Viewers influenced by advertisements daily


Advertisements influence much more than just what shoes Americans buy or what types of beverage they decide to drink; they also affect women’s body images, how much Americans drink, smoke and even eat, said
Jean Kilbourne, media critic, author and filmmaker.

Kilbourne spoke at Northern on Monday, March 31 to educate students about the power advertising has over Americans.

The average American is exposed to over 3,000 ads every single day and will spend two years of his or her life watching
television commercials, Kilbourne said.

Most people think they don’t pay attention to ads or tune them out, but the statistics are showing differently, she said.

“We’re not robots, we’re not brainwashed.
but you can’t grow up in America and not be influenced by advertising,” she said. “Its influence is quick, cumulative and, for the most part, it’s subconscious.”

One example Kilbourne talked about was cigarettes and the powerful lure they hold in today’s advertising.

The tobacco industry spends over $15 billion a year on advertising and promotion and yet the tobacco companies keep arguing
that ads don’t influence people, Kilbourne said. The companies claim they are trying to get adult smokers to switch brands, but that is highly unlikely because very few smokers switch brands each year. That isn’t enough to warrant $15 billion worth of advertising, which is actually used to get people to start smoking, she added.

“We all know that ads often lie. Smoking ads say ‘Alive with pleasure,'” she said. “[That] sure beats dead with cancer.”

Another huge problem in advertising is the overwhelming emphasis on physical perfection for women and girls, Kilbourne

“We literally never see an image of a woman considered beautiful that hasn’t been digitally altered to make her absolutely
inhumanly perfect,” she said.

Kilbourne added that the body type that is splayed all over the media is a body type that only about five percent of women have.

“These days the greatest contempt is for those women who are even in the least bit overweight.”

Eating and exercise should be some of life’s pleasures and if people learn to use their bodies in a healthy way, they will eventually be the weight or size they are
genetically meant to be. And then people can learn to love themselves, Kilbourne said.

“But that’s very difficult to do in a culture that teaches all of us, women especially, and men increasingly, to hate our bodies,” she said.

Men deal with stereotypes too, though a different kind. Men are expected to make a lot of money, Kilbourne said.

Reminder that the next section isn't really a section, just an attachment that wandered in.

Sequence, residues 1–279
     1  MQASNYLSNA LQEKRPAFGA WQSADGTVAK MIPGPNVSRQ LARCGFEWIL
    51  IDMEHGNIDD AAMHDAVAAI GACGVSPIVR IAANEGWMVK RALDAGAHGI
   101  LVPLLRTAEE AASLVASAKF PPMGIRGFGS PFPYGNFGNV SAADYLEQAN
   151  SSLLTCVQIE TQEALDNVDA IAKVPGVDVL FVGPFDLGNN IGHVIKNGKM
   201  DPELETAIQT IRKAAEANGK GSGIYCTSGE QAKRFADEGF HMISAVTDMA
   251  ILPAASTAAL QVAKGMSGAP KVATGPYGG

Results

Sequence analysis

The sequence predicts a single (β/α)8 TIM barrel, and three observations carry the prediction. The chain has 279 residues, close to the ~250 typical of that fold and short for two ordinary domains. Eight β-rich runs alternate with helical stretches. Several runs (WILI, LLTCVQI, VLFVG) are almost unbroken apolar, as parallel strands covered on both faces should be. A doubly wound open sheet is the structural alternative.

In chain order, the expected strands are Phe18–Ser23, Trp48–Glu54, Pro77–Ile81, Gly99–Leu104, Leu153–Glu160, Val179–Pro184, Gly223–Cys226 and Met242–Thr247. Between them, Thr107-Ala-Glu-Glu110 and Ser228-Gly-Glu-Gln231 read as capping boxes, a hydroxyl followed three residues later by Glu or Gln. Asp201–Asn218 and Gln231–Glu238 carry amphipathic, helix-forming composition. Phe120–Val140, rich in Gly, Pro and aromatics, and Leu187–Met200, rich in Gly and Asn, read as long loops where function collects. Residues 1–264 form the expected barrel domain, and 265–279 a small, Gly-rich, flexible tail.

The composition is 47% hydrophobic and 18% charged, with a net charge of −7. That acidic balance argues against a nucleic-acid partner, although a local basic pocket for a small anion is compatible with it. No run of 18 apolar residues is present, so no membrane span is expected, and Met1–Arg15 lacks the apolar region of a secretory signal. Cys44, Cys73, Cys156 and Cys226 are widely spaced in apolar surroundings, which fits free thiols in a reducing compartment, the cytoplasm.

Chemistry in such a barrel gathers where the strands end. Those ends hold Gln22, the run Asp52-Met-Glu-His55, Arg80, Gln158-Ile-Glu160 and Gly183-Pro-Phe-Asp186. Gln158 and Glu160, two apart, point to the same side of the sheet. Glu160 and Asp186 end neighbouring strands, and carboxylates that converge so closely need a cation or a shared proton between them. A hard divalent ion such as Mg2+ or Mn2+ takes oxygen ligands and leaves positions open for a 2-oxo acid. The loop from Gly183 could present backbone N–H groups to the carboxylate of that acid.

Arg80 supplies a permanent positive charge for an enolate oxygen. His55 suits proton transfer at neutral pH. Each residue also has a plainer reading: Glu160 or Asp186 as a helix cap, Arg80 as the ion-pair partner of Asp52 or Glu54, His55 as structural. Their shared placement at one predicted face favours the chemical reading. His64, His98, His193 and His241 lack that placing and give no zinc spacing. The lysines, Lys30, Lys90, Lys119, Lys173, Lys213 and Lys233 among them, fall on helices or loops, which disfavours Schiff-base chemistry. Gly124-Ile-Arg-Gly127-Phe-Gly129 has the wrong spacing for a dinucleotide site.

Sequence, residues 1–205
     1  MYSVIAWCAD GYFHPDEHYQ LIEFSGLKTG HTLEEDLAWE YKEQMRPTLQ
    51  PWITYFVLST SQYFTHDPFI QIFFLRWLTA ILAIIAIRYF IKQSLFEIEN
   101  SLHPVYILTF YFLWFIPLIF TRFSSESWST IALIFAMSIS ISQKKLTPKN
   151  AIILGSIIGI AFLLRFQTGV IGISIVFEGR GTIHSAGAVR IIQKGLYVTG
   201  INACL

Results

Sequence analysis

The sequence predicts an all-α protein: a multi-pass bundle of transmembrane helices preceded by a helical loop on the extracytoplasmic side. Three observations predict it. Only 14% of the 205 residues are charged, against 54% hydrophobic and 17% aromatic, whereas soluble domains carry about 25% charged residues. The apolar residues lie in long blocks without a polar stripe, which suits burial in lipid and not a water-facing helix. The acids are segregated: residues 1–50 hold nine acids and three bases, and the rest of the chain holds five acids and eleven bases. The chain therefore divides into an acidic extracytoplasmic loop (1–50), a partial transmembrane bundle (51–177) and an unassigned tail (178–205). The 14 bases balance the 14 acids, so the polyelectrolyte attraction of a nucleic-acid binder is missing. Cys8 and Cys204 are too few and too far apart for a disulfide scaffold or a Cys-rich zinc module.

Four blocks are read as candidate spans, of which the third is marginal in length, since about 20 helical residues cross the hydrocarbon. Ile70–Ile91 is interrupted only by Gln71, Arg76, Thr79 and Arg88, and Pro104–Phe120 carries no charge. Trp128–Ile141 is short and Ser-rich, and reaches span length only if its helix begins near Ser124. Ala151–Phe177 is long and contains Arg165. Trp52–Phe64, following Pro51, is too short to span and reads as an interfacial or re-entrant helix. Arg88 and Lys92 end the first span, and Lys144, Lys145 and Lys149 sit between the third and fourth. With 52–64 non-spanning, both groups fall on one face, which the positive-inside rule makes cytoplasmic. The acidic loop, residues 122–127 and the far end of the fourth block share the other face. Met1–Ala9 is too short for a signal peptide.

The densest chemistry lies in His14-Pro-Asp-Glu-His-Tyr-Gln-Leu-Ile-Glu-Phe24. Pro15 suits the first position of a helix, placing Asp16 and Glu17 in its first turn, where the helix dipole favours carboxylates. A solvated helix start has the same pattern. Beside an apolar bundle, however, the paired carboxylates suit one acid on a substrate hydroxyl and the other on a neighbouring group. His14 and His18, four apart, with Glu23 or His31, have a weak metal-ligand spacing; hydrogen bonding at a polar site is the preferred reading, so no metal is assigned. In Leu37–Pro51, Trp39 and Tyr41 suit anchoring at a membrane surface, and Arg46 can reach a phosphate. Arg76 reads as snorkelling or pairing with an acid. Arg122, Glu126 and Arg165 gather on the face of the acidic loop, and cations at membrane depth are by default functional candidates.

“It’s a very difficult, wounding kind of stereotype, one that makes men feel like failures and creates a lot of anxiety,” she said.

Advertisers are preying on young people in another way, and that’s with alcohol, she added.

They target young people for the same reason the tobacco industry does–because addictions start early.

“Addiction is bad news for most of us, but for the tobacco and alcohol industries, it’s the name of the game,” she said.

Underage drinkers account for 18 percent of all alcohol sales and drinking is the No. 1 problem on every college campus in America,
she said.

If every adult in America practiced low-risk drinking every day, which alcohol companies claim they want when advertising to drink responsibly, alcohol sales would be cut by 80 percent, Kilbourne said.

The problem with all these addictions is they are all public health issues, and in order to solve the problem people need to change their attitudes, she said.

“You can die from alcohol without ever picking up a drink, you can die from cigarette smoke without ever lighting up a cigarette,” she said. “Every woman in America is affected by the tyranny of ideal beauty and the obsession with thinness.”

Kilbourne said the solution to this is Americans overcoming these problems and living a better life, despite all the
negative ads.

“This is about advertising, but on a much deeper level, it’s about freedom–freedom from addiction, freedom from denial and
freedom from manipulation and certain forms of censorship,” she said.

Alice Jasper, a junior psychology major, said she agreed that ads can be a very powerful thing.

“It made me feel better about myself,” Jasper said in regards to Kilbourne’s message. “In some respect it made me feel less guilty about being blindly led by these advertisers.”

Lenny Shible, director of the Health Promotions Office, said he thought Kilbourne did a great job of showing how the media impacts a lot of choices people make.

“We need to get back to a place where there’s a balance of what we’re trying to accomplish with the overall health of Americans,” Shible said.